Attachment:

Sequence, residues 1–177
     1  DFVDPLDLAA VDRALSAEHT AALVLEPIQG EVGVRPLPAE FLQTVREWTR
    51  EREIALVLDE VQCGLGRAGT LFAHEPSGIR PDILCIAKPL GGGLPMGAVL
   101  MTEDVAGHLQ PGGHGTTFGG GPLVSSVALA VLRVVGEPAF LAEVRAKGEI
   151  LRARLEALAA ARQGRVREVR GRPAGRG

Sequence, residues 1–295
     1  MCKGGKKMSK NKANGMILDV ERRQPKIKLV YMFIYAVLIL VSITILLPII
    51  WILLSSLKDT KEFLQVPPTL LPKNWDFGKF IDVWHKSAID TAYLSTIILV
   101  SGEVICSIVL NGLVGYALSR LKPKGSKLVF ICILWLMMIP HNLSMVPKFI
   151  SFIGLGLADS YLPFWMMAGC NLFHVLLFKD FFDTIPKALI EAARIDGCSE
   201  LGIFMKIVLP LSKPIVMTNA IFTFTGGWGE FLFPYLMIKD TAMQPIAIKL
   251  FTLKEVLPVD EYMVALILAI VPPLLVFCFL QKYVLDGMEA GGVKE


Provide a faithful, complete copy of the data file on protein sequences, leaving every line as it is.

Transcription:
Sequence, residues 1–177
     1  DFVDPLDLAA VDRALSAEHT AALVLEPIQG EVGVRPLPAE FLQTVREWTR
    51  EREIALVLDE VQCGLGRAGT LFAHEPSGIR PDILCIAKPL GGGLPMGAVL
   101  MTEDVAGHLQ PGGHGTTFGG GPLVSSVALA VLRVVGEPAF LAEVRAKGEI
   151  LRARLEALAA ARQGRVREVR GRPAGRG

Sequence, residues 1–295
     1  MCKGGKKMSK NKANGMILDV ERRQPKIKLV YMFIYAVLIL VSITILLPII
    51  WILLSSLKDT KEFLQVPPTL LPKNWDFGKF IDVWHKSAID TAYLSTIILV
   101  SGEVICSIVL NGLVGYALSR LKPKGSKLVF ICILWLMMIP HNLSMVPKFI
   151  SFIGLGLADS YLPFWMMAGC NLFHVLLFKD FFDTIPKALI EAARIDGCSE
   201  LGIFMKIVLP LSKPIVMTNA IFTFTGGWGE FLFPYLMIKD TAMQPIAIKL
   251  FTLKEVLPVD EYMVALILAI VPPLLVFCFL QKYVLDGMEA GGVKE